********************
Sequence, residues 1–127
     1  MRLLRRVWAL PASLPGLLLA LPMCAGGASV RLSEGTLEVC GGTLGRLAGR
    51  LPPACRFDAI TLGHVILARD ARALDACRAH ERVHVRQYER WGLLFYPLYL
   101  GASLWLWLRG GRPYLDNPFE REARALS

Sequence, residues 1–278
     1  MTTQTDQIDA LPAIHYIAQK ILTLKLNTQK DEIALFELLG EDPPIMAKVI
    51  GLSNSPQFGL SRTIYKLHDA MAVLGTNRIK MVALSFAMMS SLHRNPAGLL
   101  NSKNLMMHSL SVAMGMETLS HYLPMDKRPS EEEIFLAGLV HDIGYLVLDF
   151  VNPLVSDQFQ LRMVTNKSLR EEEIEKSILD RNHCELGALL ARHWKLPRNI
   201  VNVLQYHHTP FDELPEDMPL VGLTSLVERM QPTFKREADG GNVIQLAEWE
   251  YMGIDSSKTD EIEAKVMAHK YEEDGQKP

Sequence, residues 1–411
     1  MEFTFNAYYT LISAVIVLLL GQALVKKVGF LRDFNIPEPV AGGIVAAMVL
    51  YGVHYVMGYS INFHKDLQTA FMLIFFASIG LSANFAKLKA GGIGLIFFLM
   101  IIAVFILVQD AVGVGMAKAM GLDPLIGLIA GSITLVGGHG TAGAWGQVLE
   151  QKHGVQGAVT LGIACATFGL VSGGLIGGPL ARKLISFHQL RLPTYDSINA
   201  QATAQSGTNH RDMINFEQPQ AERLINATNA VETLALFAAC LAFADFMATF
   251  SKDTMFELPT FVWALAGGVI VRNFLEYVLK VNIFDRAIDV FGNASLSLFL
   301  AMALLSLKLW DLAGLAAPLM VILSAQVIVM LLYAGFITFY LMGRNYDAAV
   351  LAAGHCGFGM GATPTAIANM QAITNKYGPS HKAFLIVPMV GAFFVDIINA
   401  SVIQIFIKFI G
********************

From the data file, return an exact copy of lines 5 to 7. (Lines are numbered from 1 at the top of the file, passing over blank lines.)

Sequence, residues 1–278
     1  MTTQTDQIDA LPAIHYIAQK ILTLKLNTQK DEIALFELLG EDPPIMAKVI
    51  GLSNSPQFGL SRTIYKLHDA MAVLGTNRIK MVALSFAMMS SLHRNPAGLL